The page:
The Principality welcomes more than 300,000 tourists per year, one-third of which are business tourists, i.e. those attending conferences and meetings. This demographic constraint is a challenge for MT, which chose BillRun to implement its new complete solution for billing and customer service, following the success of BillRun as part of the implementation of its billing system in Golan Telecom Tel Aviv.
Martin Péronnet, General Director of Monaco Telecom, says, “We are driving a profound transformation of our IT tools, moving from an inherited and complex system that was multi-operator and very expensive in CAPEX/OPEX with a simple, fully open-source system.”
Mr Pérronet, who was Marketing Director at Bouygues Telecom before joining MT in 2009, adds, “This is probably one of the very first times in the world an incumbent operator offering a complete solution for B2B and B2C telecommunication services for mobile, fixed, TV, voice, data and hosting has accomplished such a transformation. Our goal over time is to control all the developments internally to reduce our IT costs by 75 percent, and provide an effective, simple and flexible system to our customers.”
BillRun was chosen as a Monaco Telecom partner because “BillRun represents one of the best open-source billing systems, and we have achieved all B2C in a year and a half”.
Ofer Cohen, CEO of BillRun, says, “This is the first project carried out by Israel and this has involved a reassessment and full integration of the central system and ancillary systems MT BillRun.”
The first phase involved implementing the BillRun billing systems and CRM at MT for VoIP (Internet telephony) and broadband while the second phase implemented these applications in the mobile environment and VoD (Video on Demand), Mr Cohen goes on to explain: “The development was conducted in collaboration with IT and development teams at MT. BillRun team managed the migration of the obsolete proprietary system of the company to an open-source architecture, including training and knowledge transfer. This highly complex project of involved close collaboration between several teams of both companies, and the system has been fully operational since May 2015, to great customer satisfaction.”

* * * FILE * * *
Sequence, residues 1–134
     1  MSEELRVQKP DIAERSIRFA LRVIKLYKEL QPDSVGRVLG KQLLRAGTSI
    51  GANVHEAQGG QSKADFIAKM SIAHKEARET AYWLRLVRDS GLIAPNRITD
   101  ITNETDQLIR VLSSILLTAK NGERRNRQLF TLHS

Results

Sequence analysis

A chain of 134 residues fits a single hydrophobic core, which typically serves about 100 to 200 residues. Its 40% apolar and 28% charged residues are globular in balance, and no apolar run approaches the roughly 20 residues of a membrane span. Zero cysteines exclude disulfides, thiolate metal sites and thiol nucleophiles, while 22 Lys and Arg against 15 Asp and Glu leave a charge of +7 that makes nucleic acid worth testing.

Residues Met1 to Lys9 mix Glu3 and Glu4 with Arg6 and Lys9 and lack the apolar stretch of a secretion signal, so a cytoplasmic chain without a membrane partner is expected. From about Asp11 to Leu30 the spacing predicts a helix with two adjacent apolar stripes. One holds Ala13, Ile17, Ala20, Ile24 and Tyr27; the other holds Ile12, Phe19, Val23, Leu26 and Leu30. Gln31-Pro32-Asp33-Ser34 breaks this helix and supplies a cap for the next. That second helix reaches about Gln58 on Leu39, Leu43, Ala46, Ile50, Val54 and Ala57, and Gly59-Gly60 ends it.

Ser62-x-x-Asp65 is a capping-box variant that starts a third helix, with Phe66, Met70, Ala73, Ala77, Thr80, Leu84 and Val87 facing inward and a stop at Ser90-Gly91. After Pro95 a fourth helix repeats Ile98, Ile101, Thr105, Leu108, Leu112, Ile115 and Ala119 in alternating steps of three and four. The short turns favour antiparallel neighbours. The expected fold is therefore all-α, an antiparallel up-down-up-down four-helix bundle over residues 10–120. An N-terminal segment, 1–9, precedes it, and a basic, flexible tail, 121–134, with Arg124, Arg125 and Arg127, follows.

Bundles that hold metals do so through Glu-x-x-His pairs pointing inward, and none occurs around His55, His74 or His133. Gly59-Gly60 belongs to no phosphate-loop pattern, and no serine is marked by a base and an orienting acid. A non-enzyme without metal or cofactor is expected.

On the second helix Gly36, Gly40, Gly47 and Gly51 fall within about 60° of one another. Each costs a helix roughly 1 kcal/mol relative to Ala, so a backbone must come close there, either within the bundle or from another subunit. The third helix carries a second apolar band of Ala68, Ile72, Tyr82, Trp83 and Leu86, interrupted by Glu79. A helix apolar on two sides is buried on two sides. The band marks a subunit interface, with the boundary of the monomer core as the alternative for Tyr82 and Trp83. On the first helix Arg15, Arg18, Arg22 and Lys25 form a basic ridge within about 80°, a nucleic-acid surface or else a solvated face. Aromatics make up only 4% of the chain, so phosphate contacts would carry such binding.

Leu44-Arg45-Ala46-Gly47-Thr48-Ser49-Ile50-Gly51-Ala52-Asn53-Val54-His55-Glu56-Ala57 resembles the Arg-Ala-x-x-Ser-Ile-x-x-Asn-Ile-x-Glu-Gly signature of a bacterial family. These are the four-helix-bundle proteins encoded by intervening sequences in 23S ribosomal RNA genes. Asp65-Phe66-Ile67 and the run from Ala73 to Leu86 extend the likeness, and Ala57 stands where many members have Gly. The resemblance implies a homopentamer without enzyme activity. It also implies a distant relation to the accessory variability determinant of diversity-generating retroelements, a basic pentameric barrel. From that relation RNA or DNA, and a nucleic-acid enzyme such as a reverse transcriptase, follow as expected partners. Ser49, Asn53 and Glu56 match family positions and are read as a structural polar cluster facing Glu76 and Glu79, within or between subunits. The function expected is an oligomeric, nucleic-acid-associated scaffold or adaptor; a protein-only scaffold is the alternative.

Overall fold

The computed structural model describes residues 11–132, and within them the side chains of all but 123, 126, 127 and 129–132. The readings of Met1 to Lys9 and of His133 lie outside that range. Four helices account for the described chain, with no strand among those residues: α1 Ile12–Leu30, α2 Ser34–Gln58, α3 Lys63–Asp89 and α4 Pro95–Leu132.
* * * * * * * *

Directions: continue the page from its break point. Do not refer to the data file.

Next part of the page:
“By using an open-source system,” explains Cohen, “it means that MT is no longer tied to a particular supplier. Further to our success with MT, we intend to develop BillRun’s international activities.”
A postman has been found guilty of stealing vouchers and gift cards while working inside the sorting office.
The Monaco Criminal Court heard how the 33 year-old, living in Menton, would check envelopes for their thickness before opening those he though might contain items of value.
His crime came to light after a woman in Monaco sent two gift vouchers to her daughter in Paris that never arrived. After she reported the disappearance to the postal authorities the culprit was discovered by an examination of footage from CCTV cameras.
One of the vouchers was cashed in a large shop in Fontvieille and this transaction was traced back to the individual working in the sorting office. Two of his victims were living overseas, prompting the court president to ponder if they had been chosen because they would be less likely to complain.
The prosecutor asked for a jail term of three months suspended, but after a plea for clemency by the accused the court fined him a total of 2,500 euros.